Posted inNews & Politics

Super Minutiae

To the editors: [Re: “Reading: Superman’s Make-over,” by Geoffrey Johnson, November 20.] I was so disappointed that the first Superman movie did not follow the comics that I never went to the sequels. Here’s my list of the most glaring inconsistencies: 1) The Phantom Zone projector did not look like Hula-Hoops in the comics; 2) […]

Posted inArts & Culture

Double Messieurs

Stylistically distinctive (with a rhythmically inventive use of jump cuts), impressively acted (by Jean-Francois Stevenin, Yves Afonso, and Carole Bouquet), and simultaneously unpredictable and rather bewildering as narrative, Jean-Francois Stevenin’s second feature, made in 1986, looks like nothing else in contemporary French cinema. Stevenin, who is mainly known as a rather ubiquitous actor, plays a […]

Posted inArts & Culture

Live Dancers Tonite

LIVE DANCERS TONITE SBTH Theatre Company at Sneakers Annex Nostalgia not only isn’t what it used to be, it seems to take less and less time to trigger. The memory-mongering of Live Dancers Tonite is applied to the early 70s. Ah, that innocent era of Watergate hearings and a strategically frantic withdrawal from an undeclared […]

Posted inNews & Politics

39th and Indiana

Once, when it was cold and raining, I caught the train at 39th and Indiana. “What are you doing here?” asked a motherly woman–my mother’s age, but three times her size. Because no one ever talks to anyone else on the trains, let alone the platforms, I was surprised. “I’m going home,” I told her. […]

Posted inFilm

Class Encounters

BATTERIES NOT INCLUDED *** (A must-see) Directed by Matthew Robbins Written by Robbins, Brad Bird, Brent Maddock, and S.S. Wilson With Hume Cronyn, Jessica Tandy, and Michael Carmine. Batteries Not Included is either the most ingenuous or the most subversive film of the year, and I’m not sure there’s a way of figuring out which. […]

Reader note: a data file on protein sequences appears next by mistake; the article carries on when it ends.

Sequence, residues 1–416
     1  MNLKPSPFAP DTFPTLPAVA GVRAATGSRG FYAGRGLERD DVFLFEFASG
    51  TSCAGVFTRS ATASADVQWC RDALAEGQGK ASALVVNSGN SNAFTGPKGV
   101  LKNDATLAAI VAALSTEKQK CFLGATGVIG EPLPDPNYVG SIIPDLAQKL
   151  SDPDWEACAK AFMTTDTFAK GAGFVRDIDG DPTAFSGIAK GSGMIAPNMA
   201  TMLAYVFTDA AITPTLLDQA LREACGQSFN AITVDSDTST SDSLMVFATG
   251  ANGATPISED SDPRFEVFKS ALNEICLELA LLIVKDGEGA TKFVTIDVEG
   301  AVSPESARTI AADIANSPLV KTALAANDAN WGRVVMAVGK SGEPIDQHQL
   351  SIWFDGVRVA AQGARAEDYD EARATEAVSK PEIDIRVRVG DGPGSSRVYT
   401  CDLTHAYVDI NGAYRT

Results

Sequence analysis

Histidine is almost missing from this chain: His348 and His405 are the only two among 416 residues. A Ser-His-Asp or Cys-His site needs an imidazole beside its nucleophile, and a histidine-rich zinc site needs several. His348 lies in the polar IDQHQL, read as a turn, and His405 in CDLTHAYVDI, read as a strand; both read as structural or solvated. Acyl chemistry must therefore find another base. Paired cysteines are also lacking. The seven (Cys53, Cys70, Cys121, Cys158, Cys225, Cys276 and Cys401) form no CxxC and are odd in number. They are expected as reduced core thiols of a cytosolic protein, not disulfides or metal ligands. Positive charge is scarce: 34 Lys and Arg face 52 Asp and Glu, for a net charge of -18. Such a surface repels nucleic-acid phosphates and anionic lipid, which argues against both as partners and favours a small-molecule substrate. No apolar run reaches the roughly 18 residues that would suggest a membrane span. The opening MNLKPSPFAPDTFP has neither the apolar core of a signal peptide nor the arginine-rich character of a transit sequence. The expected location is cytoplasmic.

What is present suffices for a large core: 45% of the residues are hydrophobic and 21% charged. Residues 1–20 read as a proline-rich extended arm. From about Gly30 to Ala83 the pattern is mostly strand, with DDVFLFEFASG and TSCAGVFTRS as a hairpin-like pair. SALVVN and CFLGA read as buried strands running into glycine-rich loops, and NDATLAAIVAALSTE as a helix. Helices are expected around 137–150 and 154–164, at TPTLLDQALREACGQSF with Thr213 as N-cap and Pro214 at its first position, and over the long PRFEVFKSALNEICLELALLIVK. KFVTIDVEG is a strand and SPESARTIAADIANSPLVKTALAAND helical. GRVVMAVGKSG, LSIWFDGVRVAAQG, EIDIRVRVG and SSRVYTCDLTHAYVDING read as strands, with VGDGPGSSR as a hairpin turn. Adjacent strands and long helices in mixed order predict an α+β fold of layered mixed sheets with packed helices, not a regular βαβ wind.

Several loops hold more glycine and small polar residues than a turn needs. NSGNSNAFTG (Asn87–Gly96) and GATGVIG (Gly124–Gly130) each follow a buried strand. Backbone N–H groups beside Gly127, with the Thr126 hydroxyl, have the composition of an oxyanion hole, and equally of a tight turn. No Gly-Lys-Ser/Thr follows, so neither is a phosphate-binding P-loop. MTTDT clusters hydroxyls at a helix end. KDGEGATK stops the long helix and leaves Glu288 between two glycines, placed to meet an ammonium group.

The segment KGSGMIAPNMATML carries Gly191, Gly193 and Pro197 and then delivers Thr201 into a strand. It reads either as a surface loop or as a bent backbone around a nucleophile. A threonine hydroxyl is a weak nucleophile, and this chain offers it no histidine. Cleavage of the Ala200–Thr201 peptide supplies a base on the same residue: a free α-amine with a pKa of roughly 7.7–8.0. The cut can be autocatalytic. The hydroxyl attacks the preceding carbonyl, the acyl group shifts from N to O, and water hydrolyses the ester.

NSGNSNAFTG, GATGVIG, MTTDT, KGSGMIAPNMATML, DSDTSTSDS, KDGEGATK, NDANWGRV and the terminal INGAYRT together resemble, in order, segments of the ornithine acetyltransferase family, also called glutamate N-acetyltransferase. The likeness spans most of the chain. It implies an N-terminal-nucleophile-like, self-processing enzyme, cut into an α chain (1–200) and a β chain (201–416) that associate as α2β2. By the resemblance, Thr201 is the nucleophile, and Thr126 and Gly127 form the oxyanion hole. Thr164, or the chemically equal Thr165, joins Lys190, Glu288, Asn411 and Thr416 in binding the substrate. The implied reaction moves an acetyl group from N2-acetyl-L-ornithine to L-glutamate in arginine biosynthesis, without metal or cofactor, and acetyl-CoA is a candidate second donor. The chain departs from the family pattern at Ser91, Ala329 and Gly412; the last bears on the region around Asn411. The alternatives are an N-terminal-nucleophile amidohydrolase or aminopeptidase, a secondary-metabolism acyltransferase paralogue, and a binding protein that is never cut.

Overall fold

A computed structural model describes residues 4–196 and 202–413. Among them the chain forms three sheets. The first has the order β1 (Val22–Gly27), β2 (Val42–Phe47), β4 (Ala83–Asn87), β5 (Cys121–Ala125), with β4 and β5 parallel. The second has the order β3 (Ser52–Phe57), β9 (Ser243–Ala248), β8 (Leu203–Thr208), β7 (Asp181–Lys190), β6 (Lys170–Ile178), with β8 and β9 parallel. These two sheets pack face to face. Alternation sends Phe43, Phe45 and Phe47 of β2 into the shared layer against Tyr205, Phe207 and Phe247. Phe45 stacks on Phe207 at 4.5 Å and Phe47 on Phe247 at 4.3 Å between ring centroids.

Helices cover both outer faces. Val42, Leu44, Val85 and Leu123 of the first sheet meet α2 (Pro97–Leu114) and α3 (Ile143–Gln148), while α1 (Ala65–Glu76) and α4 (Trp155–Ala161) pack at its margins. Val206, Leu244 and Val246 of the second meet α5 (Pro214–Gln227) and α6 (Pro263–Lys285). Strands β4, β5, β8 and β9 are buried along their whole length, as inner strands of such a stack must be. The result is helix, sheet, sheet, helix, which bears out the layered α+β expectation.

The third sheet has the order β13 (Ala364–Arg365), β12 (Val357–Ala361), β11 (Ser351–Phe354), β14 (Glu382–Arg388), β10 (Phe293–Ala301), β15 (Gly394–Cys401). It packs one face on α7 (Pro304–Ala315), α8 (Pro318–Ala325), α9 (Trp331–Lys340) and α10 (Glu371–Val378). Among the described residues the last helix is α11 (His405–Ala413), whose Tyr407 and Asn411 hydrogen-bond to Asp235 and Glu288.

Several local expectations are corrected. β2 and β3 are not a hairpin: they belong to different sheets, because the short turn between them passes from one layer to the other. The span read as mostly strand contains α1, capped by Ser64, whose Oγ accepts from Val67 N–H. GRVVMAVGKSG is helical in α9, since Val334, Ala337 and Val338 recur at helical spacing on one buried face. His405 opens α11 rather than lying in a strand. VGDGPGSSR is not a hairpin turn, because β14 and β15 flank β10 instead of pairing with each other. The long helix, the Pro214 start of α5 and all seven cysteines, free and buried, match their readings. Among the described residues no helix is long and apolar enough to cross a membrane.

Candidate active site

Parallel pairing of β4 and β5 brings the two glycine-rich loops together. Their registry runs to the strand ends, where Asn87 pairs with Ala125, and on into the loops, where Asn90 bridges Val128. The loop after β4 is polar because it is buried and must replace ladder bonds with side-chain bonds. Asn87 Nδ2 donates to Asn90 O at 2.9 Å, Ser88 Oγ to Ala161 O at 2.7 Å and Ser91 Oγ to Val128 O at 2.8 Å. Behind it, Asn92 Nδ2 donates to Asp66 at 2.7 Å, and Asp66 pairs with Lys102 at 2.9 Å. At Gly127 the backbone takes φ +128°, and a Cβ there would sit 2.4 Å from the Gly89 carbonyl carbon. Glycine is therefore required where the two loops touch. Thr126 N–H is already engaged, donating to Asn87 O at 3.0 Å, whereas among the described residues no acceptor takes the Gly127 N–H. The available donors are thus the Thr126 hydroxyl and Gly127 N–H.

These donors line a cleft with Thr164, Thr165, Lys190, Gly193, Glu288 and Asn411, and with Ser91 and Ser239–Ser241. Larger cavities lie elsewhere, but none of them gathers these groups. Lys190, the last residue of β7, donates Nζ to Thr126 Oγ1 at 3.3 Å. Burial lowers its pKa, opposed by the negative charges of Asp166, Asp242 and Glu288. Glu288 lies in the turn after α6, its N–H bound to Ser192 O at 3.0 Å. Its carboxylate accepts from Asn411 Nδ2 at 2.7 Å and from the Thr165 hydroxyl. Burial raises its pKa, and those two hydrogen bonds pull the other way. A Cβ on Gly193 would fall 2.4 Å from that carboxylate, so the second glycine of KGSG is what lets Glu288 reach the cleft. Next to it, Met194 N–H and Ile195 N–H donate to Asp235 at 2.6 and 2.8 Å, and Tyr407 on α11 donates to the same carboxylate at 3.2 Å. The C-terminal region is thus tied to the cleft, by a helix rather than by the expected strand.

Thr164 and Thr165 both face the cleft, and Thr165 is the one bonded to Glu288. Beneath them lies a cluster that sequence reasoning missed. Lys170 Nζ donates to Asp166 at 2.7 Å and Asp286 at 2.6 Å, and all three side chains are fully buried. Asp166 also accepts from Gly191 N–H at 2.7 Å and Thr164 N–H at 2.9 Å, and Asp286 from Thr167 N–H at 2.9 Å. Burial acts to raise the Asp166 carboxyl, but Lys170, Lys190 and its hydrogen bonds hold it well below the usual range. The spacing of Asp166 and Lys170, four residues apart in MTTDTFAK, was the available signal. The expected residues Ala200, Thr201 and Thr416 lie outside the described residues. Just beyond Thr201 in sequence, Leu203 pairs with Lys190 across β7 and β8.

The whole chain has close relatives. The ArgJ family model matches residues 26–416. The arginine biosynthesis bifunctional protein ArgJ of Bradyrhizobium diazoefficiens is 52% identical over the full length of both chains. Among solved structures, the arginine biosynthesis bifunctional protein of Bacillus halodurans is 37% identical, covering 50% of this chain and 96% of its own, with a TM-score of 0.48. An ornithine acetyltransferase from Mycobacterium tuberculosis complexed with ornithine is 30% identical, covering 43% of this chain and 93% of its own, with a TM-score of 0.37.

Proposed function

Posted inArts & Culture

Big Time

Your lover’s leaving you, your job is in shambles, you’re kidnapped by fundamentalist Islamic terrorists–what’s an 80s guy to do? Keith Reddin’s sharp, swift play wryly targets the philosophical conflict between the religious zealots of the Middle East and the spiritually empty compulsive achievers of the West. In extending the play’s engagement, the Remains Theatre […]

Posted inArts & Culture


Probably the most ferociously effective and polemically potent women’s prison film ever made, John Cromwell’s 1950 melodrama charts the gradual hardening of an innocent 19-year-old (Eleanor Parker) in relation to the brutality of her surroundings. Parker and Hope Emerson (as a sadistic prison guard) both received Oscar nominations for their roles here; others in the […]

Posted inNews & Politics

The Straight Dope

When we are fortunate enough to discover someone willing to visit our excruciatingly drab apartment, a topic which invariably comes up is the nature and origin of our vintage red lava lamp. Just what is a lava lamp and how does it work? Is it the result of some ghastly industrial accident or did someone […]

Posted inArts & Culture

The Anootation of Figaro

THE MARRIAGE OF FIGARO Northlight Theatre The Northlight Marriage of Figaro’s a pleasure. A classic satire, cunningly realized. The actors are marvelous. The design elements are gorgeous. Richard Nelson’s adaptation oozes playful elegance. And Beaumarchais’ 18th-century tale of sex and intrigue is a subversive masterpiece: a clownish, savage, delightful demonstration of how very personal–how downright […]